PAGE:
Thomas Jefferson Papers

From Thomas Jefferson to Madame de Tessé, 30 January 1803

To Madame de Tessé

Washington Jan. 30. 1803.

Dear Madam

Mr. Short delivered me your favor of the 1st. Praireal an. 10. and gave me the welcome news of your good health. it has recalled to my mind recollections very dear to it. for the friendship with which you honoured me in Paris was among the circumstances which most contributed to my happiness there. when I left you at the close of 1790. I thought your situation in it’s best possible state. at the end of 1791. I saw it was pressed, and in the course of 1792. that all was desperate. in the gloomy years which then followed my anxieties attended my friends personally, and particularly yourself of whom I could seldom hear. after such a shipwreck it is fortunate indeed that you can resume the interest you take in planting trees: and I shall be very happy in contributing to aliment it. to this however my present situation is not favorable, partly from my constant occupations, but more from my geographical position. not a single person in this quarter has attended to botanical subjects beyond the ordinary produce of the kitchen garden: nor are there, scarcely ever, any means of conveyance from hence to France. I have therefore selected from the catalogue you put into mr Short’s hands those articles only which the forests of this neighborhood, or it’s few gardens can furnish. these are

Liriodendron tulipifera.

Juglans nigra.

Juniperus Virginiana.

des glands de plusieurs especes.

Laurus Sassafras.

Magnolia glauca.

Magnolia tripetala (Umbrella)

Cornus florida.

fraxinus alba. doubtful if here.


these are in my power. by undertaking more, I might have prevented mr Short’s engaging for them a more certain agent. it was late in September when I recieved the catalogue. I was then at Monticello. the Sassafras had already lost it’s seeds, and those of the others were still in a milky unripe state. on my return here I engaged an old Scotch gardener of the neighborhood, who had formerly lived some years in my family, to undertake this collection. he called on me a few days ago, and informed me that the season for collecting some of the articles had escaped him, but that he had collected a part, & would bring them in a few days. my difficulty will then be to find a conveyance; but no exertions will be spared to overcome this so that they may reach you in March. they will probably be addressed to mr La Motte, Vice consul of the US. in Havre. I will continue to lay my shoulder to these articles annually till you are fully supplied with them.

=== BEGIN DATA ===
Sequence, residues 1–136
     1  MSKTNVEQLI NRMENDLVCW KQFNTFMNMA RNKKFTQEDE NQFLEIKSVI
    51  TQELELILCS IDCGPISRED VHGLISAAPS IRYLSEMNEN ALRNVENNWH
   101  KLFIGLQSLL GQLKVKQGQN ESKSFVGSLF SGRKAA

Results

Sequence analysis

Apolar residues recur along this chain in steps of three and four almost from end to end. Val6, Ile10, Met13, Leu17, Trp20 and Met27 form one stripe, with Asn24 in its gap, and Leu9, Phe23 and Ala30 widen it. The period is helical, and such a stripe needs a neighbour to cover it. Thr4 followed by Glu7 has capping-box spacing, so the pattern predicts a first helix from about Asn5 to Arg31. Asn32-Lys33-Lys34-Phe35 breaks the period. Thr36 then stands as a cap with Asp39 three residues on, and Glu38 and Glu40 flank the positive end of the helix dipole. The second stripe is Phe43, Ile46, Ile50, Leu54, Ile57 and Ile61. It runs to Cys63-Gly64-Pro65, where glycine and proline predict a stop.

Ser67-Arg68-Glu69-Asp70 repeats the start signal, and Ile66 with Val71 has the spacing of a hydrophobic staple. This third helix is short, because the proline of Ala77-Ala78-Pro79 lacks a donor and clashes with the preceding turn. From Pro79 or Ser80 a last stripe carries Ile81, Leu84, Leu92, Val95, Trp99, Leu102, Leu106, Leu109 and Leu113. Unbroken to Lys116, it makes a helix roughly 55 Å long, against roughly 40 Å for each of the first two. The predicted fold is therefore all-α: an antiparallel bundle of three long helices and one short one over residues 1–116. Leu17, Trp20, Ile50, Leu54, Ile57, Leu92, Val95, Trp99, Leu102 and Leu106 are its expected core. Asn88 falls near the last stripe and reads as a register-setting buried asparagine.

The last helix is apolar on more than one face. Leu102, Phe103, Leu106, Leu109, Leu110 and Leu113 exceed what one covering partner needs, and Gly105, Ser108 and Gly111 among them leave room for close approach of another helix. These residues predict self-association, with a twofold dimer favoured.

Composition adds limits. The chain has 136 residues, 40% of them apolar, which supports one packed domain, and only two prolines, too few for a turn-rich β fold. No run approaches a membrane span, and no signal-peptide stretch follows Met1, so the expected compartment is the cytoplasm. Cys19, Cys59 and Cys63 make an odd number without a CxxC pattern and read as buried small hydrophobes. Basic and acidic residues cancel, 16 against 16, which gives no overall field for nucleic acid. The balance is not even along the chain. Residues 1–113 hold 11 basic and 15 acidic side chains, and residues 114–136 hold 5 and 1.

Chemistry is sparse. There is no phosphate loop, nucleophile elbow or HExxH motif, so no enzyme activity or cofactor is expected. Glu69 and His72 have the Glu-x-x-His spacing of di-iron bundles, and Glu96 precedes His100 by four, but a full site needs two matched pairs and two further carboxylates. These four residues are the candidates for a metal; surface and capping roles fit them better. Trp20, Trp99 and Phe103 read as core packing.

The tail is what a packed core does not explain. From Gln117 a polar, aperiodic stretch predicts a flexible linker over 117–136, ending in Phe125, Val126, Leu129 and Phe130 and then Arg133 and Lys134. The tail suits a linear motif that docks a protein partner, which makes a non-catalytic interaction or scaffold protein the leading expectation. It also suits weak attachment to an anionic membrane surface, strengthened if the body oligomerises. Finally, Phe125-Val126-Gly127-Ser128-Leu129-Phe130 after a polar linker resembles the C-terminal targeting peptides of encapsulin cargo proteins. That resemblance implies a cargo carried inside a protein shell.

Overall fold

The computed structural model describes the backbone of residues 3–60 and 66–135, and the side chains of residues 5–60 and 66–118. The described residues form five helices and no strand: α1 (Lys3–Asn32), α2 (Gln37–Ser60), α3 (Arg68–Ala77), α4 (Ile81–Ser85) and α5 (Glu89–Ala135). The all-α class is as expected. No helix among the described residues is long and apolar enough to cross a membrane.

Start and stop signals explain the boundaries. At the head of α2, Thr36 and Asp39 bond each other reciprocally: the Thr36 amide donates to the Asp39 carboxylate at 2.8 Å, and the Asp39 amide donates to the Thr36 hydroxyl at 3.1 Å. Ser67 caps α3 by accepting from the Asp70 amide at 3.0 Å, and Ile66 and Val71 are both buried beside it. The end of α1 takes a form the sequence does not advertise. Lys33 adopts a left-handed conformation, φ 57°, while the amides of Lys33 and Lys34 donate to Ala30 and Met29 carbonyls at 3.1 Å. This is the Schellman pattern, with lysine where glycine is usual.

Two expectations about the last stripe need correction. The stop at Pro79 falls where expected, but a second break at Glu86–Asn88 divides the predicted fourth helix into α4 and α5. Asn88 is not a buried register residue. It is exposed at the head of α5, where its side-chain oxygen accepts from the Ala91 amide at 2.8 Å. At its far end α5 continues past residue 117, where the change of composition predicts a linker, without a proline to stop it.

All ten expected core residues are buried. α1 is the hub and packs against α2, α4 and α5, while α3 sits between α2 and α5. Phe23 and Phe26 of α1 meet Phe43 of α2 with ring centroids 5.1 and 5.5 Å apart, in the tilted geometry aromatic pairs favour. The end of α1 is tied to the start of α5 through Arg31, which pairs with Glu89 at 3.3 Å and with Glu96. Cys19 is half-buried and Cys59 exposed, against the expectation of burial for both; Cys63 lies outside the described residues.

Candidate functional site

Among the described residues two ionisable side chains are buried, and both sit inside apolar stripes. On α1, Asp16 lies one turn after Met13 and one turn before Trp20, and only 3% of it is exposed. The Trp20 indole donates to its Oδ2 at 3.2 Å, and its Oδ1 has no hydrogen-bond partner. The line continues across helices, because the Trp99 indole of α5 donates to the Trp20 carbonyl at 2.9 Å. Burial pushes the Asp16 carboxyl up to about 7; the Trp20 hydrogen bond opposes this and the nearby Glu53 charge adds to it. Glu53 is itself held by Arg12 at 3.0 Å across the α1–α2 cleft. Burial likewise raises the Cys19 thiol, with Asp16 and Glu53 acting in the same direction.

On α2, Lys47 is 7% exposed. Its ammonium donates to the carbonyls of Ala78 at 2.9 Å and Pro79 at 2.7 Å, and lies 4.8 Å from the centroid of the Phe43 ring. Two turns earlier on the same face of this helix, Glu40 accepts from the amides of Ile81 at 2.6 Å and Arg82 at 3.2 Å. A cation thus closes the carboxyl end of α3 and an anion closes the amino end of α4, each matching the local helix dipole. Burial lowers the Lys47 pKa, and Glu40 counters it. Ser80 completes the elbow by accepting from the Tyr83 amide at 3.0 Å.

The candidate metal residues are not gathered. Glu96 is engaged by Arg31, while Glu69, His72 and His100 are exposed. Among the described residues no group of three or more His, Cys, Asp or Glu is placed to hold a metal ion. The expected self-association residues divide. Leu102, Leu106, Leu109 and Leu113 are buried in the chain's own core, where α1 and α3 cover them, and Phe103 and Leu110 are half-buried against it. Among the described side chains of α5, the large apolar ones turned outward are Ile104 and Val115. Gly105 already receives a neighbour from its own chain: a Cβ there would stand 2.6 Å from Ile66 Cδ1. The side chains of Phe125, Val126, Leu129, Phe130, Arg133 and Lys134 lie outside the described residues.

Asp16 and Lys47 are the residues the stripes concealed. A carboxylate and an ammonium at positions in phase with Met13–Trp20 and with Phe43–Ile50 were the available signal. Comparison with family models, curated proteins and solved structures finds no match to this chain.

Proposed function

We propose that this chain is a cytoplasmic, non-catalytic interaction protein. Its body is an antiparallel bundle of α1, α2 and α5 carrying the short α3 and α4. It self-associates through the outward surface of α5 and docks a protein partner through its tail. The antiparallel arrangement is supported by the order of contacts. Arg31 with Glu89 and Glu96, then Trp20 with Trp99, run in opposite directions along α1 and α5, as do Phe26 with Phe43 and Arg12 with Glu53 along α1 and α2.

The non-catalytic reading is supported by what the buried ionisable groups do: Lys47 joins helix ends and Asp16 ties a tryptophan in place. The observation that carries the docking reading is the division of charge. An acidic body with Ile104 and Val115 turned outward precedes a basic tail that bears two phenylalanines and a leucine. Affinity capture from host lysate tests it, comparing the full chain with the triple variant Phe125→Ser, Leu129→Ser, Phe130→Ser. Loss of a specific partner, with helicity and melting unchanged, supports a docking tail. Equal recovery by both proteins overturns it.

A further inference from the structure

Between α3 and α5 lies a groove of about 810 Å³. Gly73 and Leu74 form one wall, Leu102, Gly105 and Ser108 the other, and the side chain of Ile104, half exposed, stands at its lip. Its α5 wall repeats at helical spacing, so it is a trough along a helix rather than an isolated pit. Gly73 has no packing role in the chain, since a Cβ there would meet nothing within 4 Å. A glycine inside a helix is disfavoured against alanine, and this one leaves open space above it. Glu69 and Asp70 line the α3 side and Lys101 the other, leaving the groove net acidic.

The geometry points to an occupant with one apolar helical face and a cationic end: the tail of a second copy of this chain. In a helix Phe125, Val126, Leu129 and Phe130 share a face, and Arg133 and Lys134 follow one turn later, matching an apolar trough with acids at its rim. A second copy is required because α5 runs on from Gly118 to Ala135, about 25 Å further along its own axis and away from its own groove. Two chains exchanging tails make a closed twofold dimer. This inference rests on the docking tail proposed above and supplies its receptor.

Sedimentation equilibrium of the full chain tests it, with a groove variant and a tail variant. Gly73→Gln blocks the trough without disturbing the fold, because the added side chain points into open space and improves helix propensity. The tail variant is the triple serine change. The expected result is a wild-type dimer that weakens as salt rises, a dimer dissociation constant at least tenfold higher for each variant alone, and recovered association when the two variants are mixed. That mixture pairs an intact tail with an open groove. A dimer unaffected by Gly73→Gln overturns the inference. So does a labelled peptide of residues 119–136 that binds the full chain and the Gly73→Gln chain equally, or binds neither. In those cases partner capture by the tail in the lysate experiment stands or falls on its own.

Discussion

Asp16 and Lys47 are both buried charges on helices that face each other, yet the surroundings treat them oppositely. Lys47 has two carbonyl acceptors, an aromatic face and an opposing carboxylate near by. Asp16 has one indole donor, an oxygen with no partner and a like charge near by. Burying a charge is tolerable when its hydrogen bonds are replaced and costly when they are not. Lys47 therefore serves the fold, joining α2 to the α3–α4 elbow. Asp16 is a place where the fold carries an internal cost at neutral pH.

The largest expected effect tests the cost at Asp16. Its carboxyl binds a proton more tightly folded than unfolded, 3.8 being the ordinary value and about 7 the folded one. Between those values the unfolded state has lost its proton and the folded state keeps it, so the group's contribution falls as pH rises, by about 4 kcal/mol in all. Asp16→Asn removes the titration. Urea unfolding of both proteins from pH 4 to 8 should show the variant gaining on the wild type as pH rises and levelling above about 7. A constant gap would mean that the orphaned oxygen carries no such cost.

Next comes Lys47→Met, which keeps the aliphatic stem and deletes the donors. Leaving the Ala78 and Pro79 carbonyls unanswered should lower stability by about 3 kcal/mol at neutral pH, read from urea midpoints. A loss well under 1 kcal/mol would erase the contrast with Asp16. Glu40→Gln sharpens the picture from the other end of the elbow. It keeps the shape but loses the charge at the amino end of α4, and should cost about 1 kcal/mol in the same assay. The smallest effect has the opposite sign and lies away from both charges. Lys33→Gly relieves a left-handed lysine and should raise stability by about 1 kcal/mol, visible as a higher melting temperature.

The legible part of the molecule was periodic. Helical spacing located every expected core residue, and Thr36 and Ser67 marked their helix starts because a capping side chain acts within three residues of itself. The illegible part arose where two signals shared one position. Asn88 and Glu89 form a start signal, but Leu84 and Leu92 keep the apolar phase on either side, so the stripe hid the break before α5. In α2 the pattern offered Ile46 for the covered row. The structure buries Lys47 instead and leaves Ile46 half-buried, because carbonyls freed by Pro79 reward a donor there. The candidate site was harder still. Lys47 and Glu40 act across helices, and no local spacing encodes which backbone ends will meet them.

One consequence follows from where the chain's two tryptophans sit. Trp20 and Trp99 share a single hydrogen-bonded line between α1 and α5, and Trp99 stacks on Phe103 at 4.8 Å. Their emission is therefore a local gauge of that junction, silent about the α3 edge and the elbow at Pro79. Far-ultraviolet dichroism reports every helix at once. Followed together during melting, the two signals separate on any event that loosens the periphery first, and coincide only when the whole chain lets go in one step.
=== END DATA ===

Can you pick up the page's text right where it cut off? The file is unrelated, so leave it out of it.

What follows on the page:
I own, my dear Madam, that I cannot but admire your courage in undertaking now to plant trees. it has always been my passion; insomuch that I scarcely ever planted a flower in my life. but when I return to live at Monticello, which may be in 1805. but will be in 1809. at the latest (because then, at any rate, I am determined to draw the curtain between the political world and myself,) I believe I shall become a florist. the labours of the year, in that line, are repaid within the year, and death, which will be at my door, shall find me unembarrassed in long-lived undertakings. but I acknolege there is more of the disinterested & magnanimous in your purpose.

This goes by mr Monroe, my eleve, my best friend, & the honestest man on earth, lately governor of Virginia, and now charged with a special mission to the governments of France & Spain. he will be the safest channel through which you can convey me any further orders. be so good as to present my respectful attachment to M. de Tessé, and accept yourself assurances of my constant & affectionate friendship & high consideration.

Th: Jefferson

PrC (DLC); at foot of first page: “Madame de Tessé.”

your favor of the 1st. praireal an. 10: that is, 21 May 1802 (Vol. 37:480–1).

When he wrote to Robert Bailey on 9 Dec. about trees for Madame de Tessé’s garden, TJ used English names for the tulip poplar (liriodendron tulipifera), black walnut (juglans nigra), and cedar (juniperus virginiana). TJ asked the horticulturalist to supply a variety of acorns (des glands de plusieurs especes) and the sassafras, but not the two types of magnolia. His request to Bailey included dogwood (cornus florida), white ash (fraxinus alba), and catalpa.

old scotch gardener: Bailey.

mr la motte: F. C. A. Delamotte.

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